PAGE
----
Respondent is using First Complainant’s trademark without authorization to offer services that are similar to Complainants’ services. In doing so, Respondent tries to intentionally attract Internet users to visit its website for commercial gain, by creating a likelihood of confusion with Complainant’s mark as to the source, sponsorship, affiliation, or endorsement of the website or location and of the products offered for sale on the web site (see Simyo GmbH v. José Castrellón, CyberCast, WIPO Case No. D2014-1660).
Finally, Respondent did not respond to Complainants’ cease-and-desist letter and did not take part in the administrative proceedings. According to the Panel, these are additional indications of Respondent’s bad faith.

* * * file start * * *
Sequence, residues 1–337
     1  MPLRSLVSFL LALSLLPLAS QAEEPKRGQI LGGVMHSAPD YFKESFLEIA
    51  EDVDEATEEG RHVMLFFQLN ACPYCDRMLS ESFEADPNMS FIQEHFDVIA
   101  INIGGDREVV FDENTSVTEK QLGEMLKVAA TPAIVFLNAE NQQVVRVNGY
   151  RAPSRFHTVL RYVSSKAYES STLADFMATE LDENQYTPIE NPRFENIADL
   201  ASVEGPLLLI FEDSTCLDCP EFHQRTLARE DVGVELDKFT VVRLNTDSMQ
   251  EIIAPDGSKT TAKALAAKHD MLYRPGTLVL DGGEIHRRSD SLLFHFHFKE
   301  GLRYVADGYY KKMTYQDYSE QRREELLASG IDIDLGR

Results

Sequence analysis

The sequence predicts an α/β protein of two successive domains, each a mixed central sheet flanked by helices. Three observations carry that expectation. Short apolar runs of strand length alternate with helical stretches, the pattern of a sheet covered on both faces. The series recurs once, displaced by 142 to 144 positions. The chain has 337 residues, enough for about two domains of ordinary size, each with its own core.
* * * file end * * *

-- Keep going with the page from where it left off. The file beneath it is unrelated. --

Therefore, the Panel finds that, on the balance of probabilities, Complainants have shown that the disputed domain name was registered and is being used in bad faith.
For the foregoing reasons, in accordance with paragraphs 4(i) of the Policy and 15 of the Rules, the Panel orders that the disputed domain name <betvictories.com> be transferred to First Complainant, Newcote International Limited.
Flip Jan Claude Petillion
Date: October 1, 2015